It quickly became a material that has found use in all types of buildings - from roads, and houses to monumental buildings in the world's largest conurbations. Hand in hand with this expansion, however, the demands on its properties have grown. Concrete, as an essential element, has undergone a revolutionary evolution over the years. Engineers have experimented with composition and loading, new grades have been created, and the possibilities for use in various environments have expanded.
Therefore, just as concrete production technology evolved and its properties have improved, the same evolution has occurred to the methods of calculating concrete structures.
Each structure contains so-called B and D areas, which are characterized by a different design approach.
What are the B-areas?
B-regions can be defined as regions in which the Bernoulli-Navier hypothesis holds, which assumes that a cross-section that is planar before deformation remains planar after deformation. For such regions, the solution and judgment given in the standards can be safely used. The IDEA StatiCa RCS and IDEA StatiCa Beam offer solutions for B-areas in which beam theory is valid.
What are D-areas?
The places where the Bernoulli-Navier hypothesis does not hold are called discontinuity regions or fault regions: the D-regions. These are regions of emplacement, around lone beams, places of sudden changes in cross sections, holes, etc. In the design of concrete structures, we encounter a number of other D-areas such as walls, bridge girders, short cantilevers, etc.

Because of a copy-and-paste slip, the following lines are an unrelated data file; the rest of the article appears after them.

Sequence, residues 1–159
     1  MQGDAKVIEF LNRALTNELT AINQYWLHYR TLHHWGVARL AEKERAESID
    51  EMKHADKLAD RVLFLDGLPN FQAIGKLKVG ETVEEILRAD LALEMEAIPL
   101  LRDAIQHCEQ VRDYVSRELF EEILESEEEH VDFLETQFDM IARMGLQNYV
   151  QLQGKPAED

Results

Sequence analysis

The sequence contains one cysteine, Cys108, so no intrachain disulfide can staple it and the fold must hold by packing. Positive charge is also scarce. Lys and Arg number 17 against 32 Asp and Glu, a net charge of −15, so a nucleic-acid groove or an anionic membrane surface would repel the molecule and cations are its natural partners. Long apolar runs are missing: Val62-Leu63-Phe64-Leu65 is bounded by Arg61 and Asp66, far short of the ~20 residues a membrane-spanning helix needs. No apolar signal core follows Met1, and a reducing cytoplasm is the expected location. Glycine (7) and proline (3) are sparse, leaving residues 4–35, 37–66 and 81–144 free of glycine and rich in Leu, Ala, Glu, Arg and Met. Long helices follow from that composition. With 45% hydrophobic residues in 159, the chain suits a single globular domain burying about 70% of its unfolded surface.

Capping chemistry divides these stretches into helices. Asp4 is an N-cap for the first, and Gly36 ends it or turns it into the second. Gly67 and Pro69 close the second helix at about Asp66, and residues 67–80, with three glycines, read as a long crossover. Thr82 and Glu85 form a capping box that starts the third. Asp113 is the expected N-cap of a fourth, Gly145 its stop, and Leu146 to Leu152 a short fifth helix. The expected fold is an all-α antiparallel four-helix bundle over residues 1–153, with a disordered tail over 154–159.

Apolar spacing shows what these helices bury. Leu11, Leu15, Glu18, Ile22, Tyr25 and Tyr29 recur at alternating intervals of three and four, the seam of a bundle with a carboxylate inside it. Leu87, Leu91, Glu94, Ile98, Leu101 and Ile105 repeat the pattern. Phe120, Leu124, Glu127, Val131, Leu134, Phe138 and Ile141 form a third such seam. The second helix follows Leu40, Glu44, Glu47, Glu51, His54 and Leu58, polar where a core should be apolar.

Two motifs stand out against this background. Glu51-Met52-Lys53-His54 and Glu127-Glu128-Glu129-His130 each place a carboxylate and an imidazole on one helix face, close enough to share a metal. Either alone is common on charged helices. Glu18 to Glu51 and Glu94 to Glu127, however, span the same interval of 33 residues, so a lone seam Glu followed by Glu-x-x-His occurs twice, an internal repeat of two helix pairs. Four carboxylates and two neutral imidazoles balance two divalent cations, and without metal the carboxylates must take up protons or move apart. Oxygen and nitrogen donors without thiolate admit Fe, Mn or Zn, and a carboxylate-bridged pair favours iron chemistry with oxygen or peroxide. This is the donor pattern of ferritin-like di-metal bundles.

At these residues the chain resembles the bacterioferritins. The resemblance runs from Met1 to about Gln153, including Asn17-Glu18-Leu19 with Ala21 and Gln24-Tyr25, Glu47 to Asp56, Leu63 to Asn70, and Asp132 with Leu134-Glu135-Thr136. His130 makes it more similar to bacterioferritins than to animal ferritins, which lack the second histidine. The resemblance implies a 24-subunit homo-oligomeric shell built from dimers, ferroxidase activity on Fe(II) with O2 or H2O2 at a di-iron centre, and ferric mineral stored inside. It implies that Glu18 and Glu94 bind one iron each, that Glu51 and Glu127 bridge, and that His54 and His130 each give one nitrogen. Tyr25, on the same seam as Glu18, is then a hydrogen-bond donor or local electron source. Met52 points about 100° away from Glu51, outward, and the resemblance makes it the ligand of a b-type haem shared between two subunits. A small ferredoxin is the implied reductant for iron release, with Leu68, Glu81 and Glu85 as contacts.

Despite the development of several calculation tools in the last decades, the strut-and-tie method is still used in manual calculations. However, its application to real-world structures is time-consuming, as several iterations must be performed, and several load cases also need to be considered. Moreover, this method is unsuitable for verifying serviceability criteria (deformation, crack widths, ...).
These and other similar challenges related to the analysis of concrete structures have caused companies to collaborate with academia. IDEA StatiCa followed the same approach, and, in collaboration with ETH Zurich, IDEA StatiCa developed and thoroughly tested a method called Compatible Stress Field Method (CSFM) for the design of discontinuity regions.
This method was implemented in the IDEA StatiCa Concrete application and is based on a computer implementation of a stress field model and uses the basic material properties specified in the concrete design standards. CSFM overcomes the limitations of classical approaches and can be considered a generalized truss analogy method, but in which the actually stressed regions are considered instead of the resultant forces.
Concrete and reinforced concrete has thus become a material whose use is often preceded by complex analyses. The early pioneers who experimented with it would certainly not have guessed how broad a foundation they laid for the industry and how far construction using reinforced concrete would evolve.
What is the future of reinforced concrete? According to Prof. Kolísko, Director of the Klokner Institute in Prague, reinforced concrete is so widely used and is such an easy-to-use material that we cannot expect its replacement soon. However, there will be more frequent optimization of concrete structures related to the more economical use of cement, which is a significant contributor to the so-called carbon footprint.
The future will undoubtedly lie in UHPC (ultra-high-strength concrete), which is already being experimented with and producing promising results for optimizing concrete structures.
We are pleased that our IDEA StatiCa application and others will be part of this story. For several years we have been helping engineers around the world to design and optimize steel and concrete structures, saving time in designing and code-checking any concrete members.
... Did you know that cargo ships have also been designed from reinforced concrete? But more about them next time.